Labels inside fields can work on really short forms, like login forms, where users don’t have a lot of information to remember. Labels inside fields can work on really short forms, like login forms, where users don’t have a lot of information to remember. (Large preview)

Since the success of Android’s material design, a pattern has started to emerge: the floating label. This label is inside the field when the field is not filled in, so it takes a bit less vertical space on mobile. When users start interacting with the field, the label moves above the field.

This looks like an interesting way to gain some space, without running into the “placeholders in place of labels” issues cited above. Nevertheless, it does not solve the problem of users possibly mistaking a placeholder for filled-in content.

The floating label, even if not perfect, is an interesting alternative to gaining vertical space on the screen. The floating label, even if not perfect, is an interesting alternative to gaining vertical space on the screen. (Large preview)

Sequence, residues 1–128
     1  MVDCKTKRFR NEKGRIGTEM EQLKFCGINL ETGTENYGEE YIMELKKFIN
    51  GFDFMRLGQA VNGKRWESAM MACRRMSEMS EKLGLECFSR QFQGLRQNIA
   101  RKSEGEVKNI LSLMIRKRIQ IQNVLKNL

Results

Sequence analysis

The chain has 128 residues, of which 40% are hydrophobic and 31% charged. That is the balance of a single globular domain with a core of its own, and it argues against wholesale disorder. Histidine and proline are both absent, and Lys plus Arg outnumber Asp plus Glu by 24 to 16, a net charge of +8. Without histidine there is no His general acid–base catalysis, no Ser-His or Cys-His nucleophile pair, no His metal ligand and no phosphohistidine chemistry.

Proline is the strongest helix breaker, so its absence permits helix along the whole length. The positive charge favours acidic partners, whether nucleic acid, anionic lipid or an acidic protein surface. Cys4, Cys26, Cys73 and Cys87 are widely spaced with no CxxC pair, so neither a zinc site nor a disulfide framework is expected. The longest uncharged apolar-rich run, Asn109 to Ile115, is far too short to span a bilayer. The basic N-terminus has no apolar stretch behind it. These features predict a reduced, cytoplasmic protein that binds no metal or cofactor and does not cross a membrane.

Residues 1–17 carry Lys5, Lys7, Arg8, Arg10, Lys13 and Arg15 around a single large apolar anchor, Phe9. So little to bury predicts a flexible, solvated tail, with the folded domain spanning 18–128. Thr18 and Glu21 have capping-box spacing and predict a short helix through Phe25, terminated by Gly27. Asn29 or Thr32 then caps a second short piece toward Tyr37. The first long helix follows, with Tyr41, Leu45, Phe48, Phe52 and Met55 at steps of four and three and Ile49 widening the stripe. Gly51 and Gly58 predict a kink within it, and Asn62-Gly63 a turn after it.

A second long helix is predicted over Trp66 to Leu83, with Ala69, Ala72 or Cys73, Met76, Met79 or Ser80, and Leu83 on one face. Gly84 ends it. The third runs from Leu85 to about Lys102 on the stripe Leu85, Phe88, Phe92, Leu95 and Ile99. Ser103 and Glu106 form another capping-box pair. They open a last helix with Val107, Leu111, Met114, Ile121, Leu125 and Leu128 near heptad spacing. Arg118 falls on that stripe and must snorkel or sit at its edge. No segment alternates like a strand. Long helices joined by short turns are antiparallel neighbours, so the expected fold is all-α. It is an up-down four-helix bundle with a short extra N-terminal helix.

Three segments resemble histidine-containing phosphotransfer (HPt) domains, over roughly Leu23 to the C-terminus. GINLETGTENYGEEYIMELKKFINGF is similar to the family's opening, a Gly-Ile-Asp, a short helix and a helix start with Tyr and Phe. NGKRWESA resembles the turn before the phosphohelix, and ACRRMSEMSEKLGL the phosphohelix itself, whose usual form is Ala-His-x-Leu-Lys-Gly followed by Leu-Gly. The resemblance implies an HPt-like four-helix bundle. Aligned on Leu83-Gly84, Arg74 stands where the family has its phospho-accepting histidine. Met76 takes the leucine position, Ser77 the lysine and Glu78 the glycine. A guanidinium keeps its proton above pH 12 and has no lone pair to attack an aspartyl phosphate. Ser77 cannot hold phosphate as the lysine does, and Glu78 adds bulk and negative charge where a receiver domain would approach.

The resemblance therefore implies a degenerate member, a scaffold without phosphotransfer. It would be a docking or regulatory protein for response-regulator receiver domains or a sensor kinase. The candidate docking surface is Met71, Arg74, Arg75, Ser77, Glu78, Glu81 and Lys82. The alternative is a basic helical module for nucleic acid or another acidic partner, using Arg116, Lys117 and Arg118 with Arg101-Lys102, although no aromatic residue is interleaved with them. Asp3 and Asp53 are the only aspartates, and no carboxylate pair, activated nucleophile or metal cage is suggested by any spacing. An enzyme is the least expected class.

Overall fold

Interaction Cost Reduction For Successful Forms

Reducing the interaction cost (i.e. the number of taps, swipes, etc.) of users achieving their task will help you build a seamless form experience. There are different techniques to achieve that. Let’s look at a few of them in detail.

A Magic Study On The Internet Told Me To Reduce The Number Of Fields

More fields mean fewer conversions, right? You might have encountered the “we reduced our subscription form from 11 to 4 fields, and it drove up conversions by 160%” study. It’s a classic. And if you look at their contact form, it kind of makes sense. Why would users want to fill in 11 fields just to contact the company? You can’t ask such a big commitment of people who barely know you, right?

Start by asking only for useful information. Why do you need a person’s gender to create an account for them? Why do you have two lines for the address if your subscription form is for an online service?